Laser Spine Institute President and CEO Roger Cary on improving the spine care ecosystem for patients

Written by Megan Wood | April 13, 2018 | Print  |

Tampa-based Laser Spine Institute President and CEO Roger Cary joined more than 250 healthcare professionals at the Johnson & Johnson-presented Lake Nona Impact Forum from Feb. 28 to March 2 in Orlando, Fla.

"The meta message was understanding how we're in an ecosystem that surrounds patients, and if we work together and use data, it allows us to make better decisions to serve patients better," Mr. Cary says.

Mr. Cary spoke with Becker's Spine Review to share key takeaways from the forum, best practices for growing healthcare organizations and what lies ahead for Laser Spine.

Editor's note: Responses have been lightly edited for style and clarity.

Question: Expand on enlightening topics from the Lake Nona Impact Forum. Will these impact Laser Spine Institute's initiatives going forward?

Roger Cary: We saw the importance of predictive analytics. We care about what patients want, what our patients need as daily living skills, and that patients are relying on more than one healthcare provider to get services they need. The data will be able to add on to the services we currently have.

One takeaway is how do we expand our services to patients' needs after surgery? People think of us as surgery only, but we get tens of thousands of patients that may not be surgical candidates but have serious back problems. We put them in more conservative care. People need help after surgery. I got really inspired coming back and I now look at spine care as not just conservative care and not just surgery, but what are we doing with all those patients post-care to make sure the daily living skills they have get them back into the workforce as quickly as possible.

Q: What have you seen as best practices for growing and developing a healthcare organization?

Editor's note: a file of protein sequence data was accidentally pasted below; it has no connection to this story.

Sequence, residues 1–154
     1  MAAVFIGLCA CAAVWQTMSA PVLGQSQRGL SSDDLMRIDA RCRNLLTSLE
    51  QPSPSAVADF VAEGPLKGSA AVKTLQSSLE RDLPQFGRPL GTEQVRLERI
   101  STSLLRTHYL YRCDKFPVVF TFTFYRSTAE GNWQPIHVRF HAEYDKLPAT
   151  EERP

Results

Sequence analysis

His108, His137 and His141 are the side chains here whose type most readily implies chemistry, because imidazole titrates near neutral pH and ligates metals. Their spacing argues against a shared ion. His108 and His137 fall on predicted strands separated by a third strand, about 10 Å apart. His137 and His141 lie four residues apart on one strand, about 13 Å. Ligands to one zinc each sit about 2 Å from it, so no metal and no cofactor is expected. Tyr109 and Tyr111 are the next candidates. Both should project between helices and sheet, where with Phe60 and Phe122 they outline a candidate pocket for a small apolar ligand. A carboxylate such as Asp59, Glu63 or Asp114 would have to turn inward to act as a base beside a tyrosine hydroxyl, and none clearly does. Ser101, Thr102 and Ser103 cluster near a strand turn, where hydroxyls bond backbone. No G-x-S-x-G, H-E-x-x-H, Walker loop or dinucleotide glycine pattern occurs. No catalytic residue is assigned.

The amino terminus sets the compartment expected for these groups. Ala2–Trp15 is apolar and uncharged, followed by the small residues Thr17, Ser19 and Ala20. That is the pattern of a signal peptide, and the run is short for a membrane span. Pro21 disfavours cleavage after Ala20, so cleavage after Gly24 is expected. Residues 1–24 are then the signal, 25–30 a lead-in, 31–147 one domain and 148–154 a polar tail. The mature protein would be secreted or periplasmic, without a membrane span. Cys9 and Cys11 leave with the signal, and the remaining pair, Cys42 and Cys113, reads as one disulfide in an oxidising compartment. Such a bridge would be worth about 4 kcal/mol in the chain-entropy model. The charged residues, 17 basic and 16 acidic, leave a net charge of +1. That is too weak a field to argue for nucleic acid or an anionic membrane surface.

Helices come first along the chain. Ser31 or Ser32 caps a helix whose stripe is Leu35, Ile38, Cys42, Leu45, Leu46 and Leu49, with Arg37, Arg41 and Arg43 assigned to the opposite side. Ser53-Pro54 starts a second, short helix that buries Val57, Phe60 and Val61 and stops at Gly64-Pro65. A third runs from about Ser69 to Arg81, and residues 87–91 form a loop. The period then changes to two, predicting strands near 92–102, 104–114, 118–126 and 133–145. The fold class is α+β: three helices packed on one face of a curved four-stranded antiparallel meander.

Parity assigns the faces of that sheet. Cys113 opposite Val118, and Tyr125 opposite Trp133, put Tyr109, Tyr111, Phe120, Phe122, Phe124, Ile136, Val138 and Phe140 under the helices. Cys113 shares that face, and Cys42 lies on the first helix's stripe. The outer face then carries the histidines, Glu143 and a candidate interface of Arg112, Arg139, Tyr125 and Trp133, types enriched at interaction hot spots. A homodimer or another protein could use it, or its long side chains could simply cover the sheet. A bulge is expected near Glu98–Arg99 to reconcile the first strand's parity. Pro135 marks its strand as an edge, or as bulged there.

RC:
1. The best practice is an organization that truly spends time on what the patient values and what is important to them.
2. I truly believe in patient empowerment. A lot of surveys will tell you that patients don't feel empowered. [At Laser Spine Institute] we spend quality time with patients to help them understand what their options are. We give them all the information and then we give them our recommendation, but we allow them to have enough knowledge to make the right decision.
3. We always will have the hot white light on what's new. I have empowered our research people, and our first agenda item is what is new and incredible for us to serve patients better. We're constantly reinventing ourselves.

Q: What are some of the greatest challenges for healthcare organizations specializing in spine right now?

RC: So many organizations are forgetting that they're only part of the process. Patients are looking for solutions for their pain, not just surgery. Surgery is important, but quite frankly, when a patient comes to us, they want to make sure we are their solution for their spine care. Figure out how to partner with people if you don't have the resources within your own walls.

Q: What are key focus points for Laser Spine Institute for the rest of 2018?

RC: We will continue to build out our Total Spine Care network, hoping for 100 affiliates across the U.S. by year's end. Those affiliates will all be certified by Laser Spine Institute, and they will bring their whole office to one of our centers and go through a weekend of training.

We also know approximately 15 to 20 percent of people need inpatient surgery. Today, we don't have that inpatient capacity. So, we are talking to several major teaching hospitals and medical schools about affiliations and how we can collaborate with them.

More articles on spine:
Spine surgeon Dr. Johnny Delashaw sues Seattle Times for 2017 report: 5 things to know
Porter Adventist Hospital resumes surgeries after infection control breach: 4 insights
Healthcare's biggest changes over the next 10 years as spine surgeons see it

 

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